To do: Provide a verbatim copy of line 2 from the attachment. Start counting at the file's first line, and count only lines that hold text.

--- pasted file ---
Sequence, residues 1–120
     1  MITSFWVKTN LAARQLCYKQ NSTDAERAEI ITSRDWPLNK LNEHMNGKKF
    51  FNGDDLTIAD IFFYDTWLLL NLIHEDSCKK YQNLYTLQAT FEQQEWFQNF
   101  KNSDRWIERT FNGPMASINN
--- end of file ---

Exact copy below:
     1  MITSFWVKTN LAARQLCYKQ NSTDAERAEI ITSRDWPLNK LNEHMNGKKF